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Discovering Psychology: Updated Edition


Psychotherapy is the twenty-second program in the Discovering Psychology series. It explores different therapeutic approaches as well as the relationships among theory, research, and practice. You'll learn how some historical, cultural, and social forces have influenced approaches to the treatment of psychological disorders.

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Interview Excerpt: Hans Strupp on Psychodynamic Therapy

Dr. Hans Strupp discusses the elements necessary from both patient and therapist for successful psychotherapy.

The key ingredients of successful psychotherapy are a patient who can work in therapy, a therapist who can work with his or her patient, and a relationship between the two that makes it possible for them to work together over time. The patient must be motivated to work in therapy. That means that he or she must be willing to invest emotionally, which is very different from a patient in any other kind of treatment. The patient is expected to play an active part in psychotherapy.

The therapist must be, above all, a good listener. Unlike a friend or relative, the professional therapist takes care not to let his or her personal feelings and attitudes interfere with the listening process. One of the great contributions of Freud was that he was among the first people to do what is now considered a commonplace thing: listening to people and their stories for an extended period of time.

People used to be seen as either mentally healthy or mentally ill, but that categorizing changed at the end of the nineteenth century. Modern approaches view mental health on a continuum, with more variety in treatment and less resignation by therapists. There is a growing tolerance in our time for people with emotional disturbances, and that has made a big difference in understanding and treatment.

Psychotherapy is basically a human relationship. It is not a treatment in the medical sense, or in the way treatment is ordinarily understood, where someone administers a treatment to someone else. But it is a relationship in which the two people involved in treatment work together and the result of which, we hope, is an improvement in the patient’s mental health.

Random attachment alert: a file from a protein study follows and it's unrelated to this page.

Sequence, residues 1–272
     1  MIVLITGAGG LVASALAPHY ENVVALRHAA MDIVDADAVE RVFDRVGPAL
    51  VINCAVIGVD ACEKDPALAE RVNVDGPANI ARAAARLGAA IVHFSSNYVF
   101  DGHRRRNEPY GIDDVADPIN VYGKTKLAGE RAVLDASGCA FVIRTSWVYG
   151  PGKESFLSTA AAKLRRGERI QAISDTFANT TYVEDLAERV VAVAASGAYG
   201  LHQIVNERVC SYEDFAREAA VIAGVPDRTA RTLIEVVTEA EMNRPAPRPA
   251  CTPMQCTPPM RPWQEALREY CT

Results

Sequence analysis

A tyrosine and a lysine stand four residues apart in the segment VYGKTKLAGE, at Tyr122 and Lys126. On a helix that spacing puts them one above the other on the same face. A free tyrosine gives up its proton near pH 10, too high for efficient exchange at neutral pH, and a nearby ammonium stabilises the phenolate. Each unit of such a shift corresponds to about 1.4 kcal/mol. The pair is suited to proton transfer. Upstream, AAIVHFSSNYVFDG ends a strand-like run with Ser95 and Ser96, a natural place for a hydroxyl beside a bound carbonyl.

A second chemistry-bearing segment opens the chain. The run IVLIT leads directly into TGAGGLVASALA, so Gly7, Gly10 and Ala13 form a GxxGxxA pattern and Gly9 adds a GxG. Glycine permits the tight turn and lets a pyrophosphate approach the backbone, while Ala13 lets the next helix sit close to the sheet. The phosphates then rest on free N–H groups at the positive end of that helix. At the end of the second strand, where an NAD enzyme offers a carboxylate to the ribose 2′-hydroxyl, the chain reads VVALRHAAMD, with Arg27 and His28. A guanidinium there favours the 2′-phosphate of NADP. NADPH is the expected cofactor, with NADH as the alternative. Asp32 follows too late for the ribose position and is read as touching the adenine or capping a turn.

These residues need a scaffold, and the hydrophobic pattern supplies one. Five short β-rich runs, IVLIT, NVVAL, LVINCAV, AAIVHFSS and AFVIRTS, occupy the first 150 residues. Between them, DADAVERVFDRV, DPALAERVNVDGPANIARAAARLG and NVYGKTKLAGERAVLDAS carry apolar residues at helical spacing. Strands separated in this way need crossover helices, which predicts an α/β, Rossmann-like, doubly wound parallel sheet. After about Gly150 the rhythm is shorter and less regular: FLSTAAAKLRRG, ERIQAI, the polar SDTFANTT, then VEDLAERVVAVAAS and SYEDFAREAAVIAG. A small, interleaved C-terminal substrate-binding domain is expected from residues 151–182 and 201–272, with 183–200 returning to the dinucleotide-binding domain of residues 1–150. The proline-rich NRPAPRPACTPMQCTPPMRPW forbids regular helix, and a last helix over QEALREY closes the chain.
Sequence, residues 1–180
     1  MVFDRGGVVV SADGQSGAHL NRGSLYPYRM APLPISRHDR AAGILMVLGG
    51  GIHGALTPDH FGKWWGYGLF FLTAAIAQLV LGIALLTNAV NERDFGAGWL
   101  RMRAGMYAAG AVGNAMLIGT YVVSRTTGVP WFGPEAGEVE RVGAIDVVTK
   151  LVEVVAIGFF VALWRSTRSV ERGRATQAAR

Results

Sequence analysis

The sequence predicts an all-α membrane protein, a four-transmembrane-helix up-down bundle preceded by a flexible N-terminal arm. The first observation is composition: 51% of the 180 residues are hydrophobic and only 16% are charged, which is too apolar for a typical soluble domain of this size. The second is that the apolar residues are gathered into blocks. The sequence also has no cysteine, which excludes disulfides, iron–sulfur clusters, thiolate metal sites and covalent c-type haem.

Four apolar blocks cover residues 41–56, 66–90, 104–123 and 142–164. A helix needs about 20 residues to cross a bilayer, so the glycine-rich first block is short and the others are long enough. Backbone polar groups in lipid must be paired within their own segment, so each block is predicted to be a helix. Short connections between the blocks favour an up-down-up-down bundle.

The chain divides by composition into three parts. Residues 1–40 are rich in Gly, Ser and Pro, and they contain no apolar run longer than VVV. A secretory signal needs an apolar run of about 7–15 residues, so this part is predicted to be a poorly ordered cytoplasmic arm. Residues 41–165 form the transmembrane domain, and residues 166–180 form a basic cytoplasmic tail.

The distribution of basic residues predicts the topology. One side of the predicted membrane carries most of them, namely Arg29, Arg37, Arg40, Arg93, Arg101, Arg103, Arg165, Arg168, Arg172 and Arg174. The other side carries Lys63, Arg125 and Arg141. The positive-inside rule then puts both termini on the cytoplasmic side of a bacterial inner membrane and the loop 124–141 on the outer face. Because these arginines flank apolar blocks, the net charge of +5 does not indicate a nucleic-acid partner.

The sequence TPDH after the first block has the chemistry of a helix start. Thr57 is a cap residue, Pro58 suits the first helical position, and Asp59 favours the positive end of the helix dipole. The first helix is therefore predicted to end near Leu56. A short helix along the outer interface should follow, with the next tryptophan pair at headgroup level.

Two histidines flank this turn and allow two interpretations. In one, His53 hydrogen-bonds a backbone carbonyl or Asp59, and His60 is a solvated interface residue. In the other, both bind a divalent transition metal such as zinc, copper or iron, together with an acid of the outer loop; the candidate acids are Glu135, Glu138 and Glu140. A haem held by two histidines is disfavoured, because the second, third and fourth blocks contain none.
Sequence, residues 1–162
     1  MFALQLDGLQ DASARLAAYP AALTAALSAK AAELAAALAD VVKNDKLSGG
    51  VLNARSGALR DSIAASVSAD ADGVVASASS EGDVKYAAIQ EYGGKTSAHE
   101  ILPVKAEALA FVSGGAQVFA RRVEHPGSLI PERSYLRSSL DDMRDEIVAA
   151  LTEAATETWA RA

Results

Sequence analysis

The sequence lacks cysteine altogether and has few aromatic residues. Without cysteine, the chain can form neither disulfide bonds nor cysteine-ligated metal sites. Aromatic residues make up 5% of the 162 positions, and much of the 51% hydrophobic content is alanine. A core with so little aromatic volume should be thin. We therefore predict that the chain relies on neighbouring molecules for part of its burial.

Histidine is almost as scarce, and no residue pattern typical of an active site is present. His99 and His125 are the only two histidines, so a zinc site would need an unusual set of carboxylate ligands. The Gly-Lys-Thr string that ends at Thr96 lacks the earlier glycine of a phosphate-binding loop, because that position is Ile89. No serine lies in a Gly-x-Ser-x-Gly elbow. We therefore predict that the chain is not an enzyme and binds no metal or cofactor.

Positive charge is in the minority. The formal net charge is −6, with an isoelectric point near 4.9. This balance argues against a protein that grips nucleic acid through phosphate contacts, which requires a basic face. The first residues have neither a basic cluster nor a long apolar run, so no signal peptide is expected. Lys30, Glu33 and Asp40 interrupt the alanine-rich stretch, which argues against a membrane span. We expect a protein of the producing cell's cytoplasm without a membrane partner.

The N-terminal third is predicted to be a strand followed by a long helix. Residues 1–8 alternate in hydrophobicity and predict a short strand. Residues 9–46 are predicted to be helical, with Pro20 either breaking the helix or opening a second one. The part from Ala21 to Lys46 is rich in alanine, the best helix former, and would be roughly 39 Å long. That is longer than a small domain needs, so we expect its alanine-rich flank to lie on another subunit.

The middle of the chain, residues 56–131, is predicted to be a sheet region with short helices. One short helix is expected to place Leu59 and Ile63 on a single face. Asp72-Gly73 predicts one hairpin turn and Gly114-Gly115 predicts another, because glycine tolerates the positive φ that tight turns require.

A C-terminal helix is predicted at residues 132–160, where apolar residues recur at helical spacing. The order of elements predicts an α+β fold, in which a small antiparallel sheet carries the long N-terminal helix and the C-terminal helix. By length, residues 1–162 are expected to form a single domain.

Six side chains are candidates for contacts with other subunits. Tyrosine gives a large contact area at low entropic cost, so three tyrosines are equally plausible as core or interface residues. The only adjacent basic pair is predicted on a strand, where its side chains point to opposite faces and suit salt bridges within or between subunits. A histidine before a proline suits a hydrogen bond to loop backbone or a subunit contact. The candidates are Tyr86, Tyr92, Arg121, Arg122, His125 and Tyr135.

Behavior Therapy: Treatment that focuses on the environment that surrounds the patient, as well as reinforcement and conditioning principles that affect the patient and his or her illness.

Biological Biasing: The idea that people are genetically “primed” for a disorder, and therefore more likely to get it than others in the general population.

Biomedical Therapy: Therapy used to treat psychological disorders by associating the disorders with changing biological or physical mechanisms, i.e., treating mental disorders as disease and administering medical treatment.

Electroconvulsive Therapy (ECT): Treatment in which an electric current is applied to a patient’s temples in order to induce upheaval in the central nervous system; also called shock therapy.

Free Association: The principle technique in Freudian psychoanalysis in which patients give a running account of thoughts, feelings, mental images, and physical sensations as they occur, in order to derive a repressed or hidden motivation for their psychological disorder.

Prefrontal Lobotomy: An operation that severs the nerve fibers that connect the brain’s frontal lobe to the thalamus. Performed on individuals with severe mental disorders that have not responded to other treatments.

Psychoanalytic Therapy: Freudian technique of exploring unconscious motivations, conflicts, and repressed emotions for a prolonged period of time; an alternative to biomedical treatment.

Psychosurgery: Surgical procedures performed on brain tissue to alleviate psychological disorders.